The Court of Appeal was split by a 2:1 majority; all of the judges applied Borealis but with different approaches. Mr Cross argued that Lazenby had knowledge that previous surveys had been incorrect. The majority relied upon the part of Borealis which said, "the knowledge must be confined to a particular case" which therefore meant that Lazenby was not expected to have noticed that the survey was incorrect on this occasion. The majority also held that Lazenby was negligent (but not reckless) and that both Mr Cross' and Lazenby's errors together caused the resulting loss. Although Mr Cross argued that it was foreseeable that Lazenby would have checked the property before installing the cavity wall insulation, the court nevertheless held that this did not absolve Mr Cross of his breach. The judge in the County Court applied the principles of Borealis and decided that Mr Cross' breach was an effective cause alongside Lazenby's. In conclusion, the majority agreed with the County Court: they held that Mr Cross could not show that Lazenby's actions obliterated his own, and they dismissed the appeal.

The minority (Macur LJ), however, believed that it was correct to apply Borealis, but that the word 'obliterates' should not be interpreted so literally. Macur LJ commented, "there is no "all embracing test for what may constitute the breaking of the chain of causation". She argued that it is reasonably easy to check if a property is timber framed and that Lazenby knew that Mr Cross had previously provided incorrect surveys. For these reasons, Macur LJ held that Lazenby's negligence superseded Mr Cross' initial breach.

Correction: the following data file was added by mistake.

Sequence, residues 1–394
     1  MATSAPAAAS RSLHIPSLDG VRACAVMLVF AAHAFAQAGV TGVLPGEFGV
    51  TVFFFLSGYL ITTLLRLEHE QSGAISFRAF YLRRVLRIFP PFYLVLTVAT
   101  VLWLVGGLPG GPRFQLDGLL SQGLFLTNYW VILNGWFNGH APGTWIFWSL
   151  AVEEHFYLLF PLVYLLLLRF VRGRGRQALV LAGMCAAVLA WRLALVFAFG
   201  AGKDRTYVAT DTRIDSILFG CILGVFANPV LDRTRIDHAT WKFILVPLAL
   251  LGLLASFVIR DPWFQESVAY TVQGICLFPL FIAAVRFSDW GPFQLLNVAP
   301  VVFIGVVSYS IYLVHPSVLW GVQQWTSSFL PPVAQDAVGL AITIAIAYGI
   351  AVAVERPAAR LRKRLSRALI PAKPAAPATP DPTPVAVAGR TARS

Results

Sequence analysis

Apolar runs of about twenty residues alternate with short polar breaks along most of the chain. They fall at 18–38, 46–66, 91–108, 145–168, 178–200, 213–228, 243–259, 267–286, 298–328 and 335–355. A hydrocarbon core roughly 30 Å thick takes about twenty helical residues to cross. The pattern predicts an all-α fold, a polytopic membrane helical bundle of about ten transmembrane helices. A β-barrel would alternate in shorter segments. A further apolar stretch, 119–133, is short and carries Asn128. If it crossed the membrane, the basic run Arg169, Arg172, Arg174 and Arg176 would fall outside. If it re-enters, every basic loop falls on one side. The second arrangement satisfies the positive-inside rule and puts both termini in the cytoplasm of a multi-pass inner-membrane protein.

Borealis holds the correct principles to apply when establishing if there has been a break in the chain of causation. This case has shown differing methods of applying these principles, leaving the law in this area slightly unsettled. Essentially, each case turns on its own facts and it is more than likely that there will be further case law to follow.


Fairstar Heavy Transport N.V. v Philip Jeffrey Adkins Claranet Limited [2013] EWCA Civ 886

We commented on this case in our February 2013 Bulletin where it was decided by the High Court that it was not possible to own an e-mail. On appeal by Fairstar, the decision was overturned by the Court of Appeal which stated that, due to the existence of an agency relationship, ownership of an email was irrelevant in this case.

Facts: recap

The facts in Fairstar concerned the ownership of Fairstar's business e-mails that were sent to and from the personal e-mail account of the Chief Executive Officer, Mr Adkins. Fairstar is a Dutch company specialising in the transport of heavy cargo. Fairstar had instructed a Chinese shipyard to build several vessels. Finding itself in financial difficulty, Fairstar defaulted on payment. Consequently, the shipyard claimed that Fairstar was liable to pay a cancellation charge of US$37 million. Mr Adkins disputed that claim based on the terms of a collateral contract, presumably negotiated over e-mail. Shortly after, Fairstar was subject to a hostile takeover by the owners of a competitor, which terminated Mr Adkins' role as CEO.

In this case, Fairstar's new owners sought recovery of incoming e-mails that were automatically forwarded to Mr Adkins' private account (and deleted from Fairstar's server) and Mr Adkins' replies. Fairstar claimed a proprietary right in the e-mails' content. Fairstar stated that without access to these e-mails, it did not know what was agreed between Mr Adkins, on behalf of Fairstar, and the Chinese shipyard.


The appeal placed greater emphasis on the principal and agency relationship which existed between Fairstar and Mr Adkins. Fairstar claimed that the content of the emails created by, or coming into the...